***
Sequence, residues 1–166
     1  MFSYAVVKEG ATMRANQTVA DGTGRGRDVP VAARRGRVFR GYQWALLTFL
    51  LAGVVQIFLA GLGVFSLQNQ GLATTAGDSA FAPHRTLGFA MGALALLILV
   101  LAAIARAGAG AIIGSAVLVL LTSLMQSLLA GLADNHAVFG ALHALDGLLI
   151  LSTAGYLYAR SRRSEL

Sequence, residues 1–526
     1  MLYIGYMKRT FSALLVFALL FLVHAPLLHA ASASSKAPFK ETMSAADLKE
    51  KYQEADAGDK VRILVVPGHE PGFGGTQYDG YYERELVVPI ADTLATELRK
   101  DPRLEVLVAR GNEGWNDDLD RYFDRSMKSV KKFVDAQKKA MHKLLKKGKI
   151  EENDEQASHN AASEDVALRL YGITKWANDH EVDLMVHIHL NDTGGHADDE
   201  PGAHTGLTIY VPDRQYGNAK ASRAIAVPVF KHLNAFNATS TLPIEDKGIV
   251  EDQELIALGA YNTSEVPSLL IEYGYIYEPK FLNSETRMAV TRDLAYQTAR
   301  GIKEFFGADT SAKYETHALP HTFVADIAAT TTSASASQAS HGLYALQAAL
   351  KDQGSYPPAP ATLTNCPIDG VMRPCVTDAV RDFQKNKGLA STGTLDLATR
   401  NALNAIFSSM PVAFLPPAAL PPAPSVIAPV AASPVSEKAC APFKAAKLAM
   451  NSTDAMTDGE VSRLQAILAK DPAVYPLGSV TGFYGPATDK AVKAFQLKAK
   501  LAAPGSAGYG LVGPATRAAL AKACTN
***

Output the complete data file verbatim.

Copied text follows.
Sequence, residues 1–166
     1  MFSYAVVKEG ATMRANQTVA DGTGRGRDVP VAARRGRVFR GYQWALLTFL
    51  LAGVVQIFLA GLGVFSLQNQ GLATTAGDSA FAPHRTLGFA MGALALLILV
   101  LAAIARAGAG AIIGSAVLVL LTSLMQSLLA GLADNHAVFG ALHALDGLLI
   151  LSTAGYLYAR SRRSEL

Sequence, residues 1–526
     1  MLYIGYMKRT FSALLVFALL FLVHAPLLHA ASASSKAPFK ETMSAADLKE
    51  KYQEADAGDK VRILVVPGHE PGFGGTQYDG YYERELVVPI ADTLATELRK
   101  DPRLEVLVAR GNEGWNDDLD RYFDRSMKSV KKFVDAQKKA MHKLLKKGKI
   151  EENDEQASHN AASEDVALRL YGITKWANDH EVDLMVHIHL NDTGGHADDE
   201  PGAHTGLTIY VPDRQYGNAK ASRAIAVPVF KHLNAFNATS TLPIEDKGIV
   251  EDQELIALGA YNTSEVPSLL IEYGYIYEPK FLNSETRMAV TRDLAYQTAR
   301  GIKEFFGADT SAKYETHALP HTFVADIAAT TTSASASQAS HGLYALQAAL
   351  KDQGSYPPAP ATLTNCPIDG VMRPCVTDAV RDFQKNKGLA STGTLDLATR
   401  NALNAIFSSM PVAFLPPAAL PPAPSVIAPV AASPVSEKAC APFKAAKLAM
   451  NSTDAMTDGE VSRLQAILAK DPAVYPLGSV TGFYGPATDK AVKAFQLKAK
   501  LAAPGSAGYG LVGPATRAAL AKACTN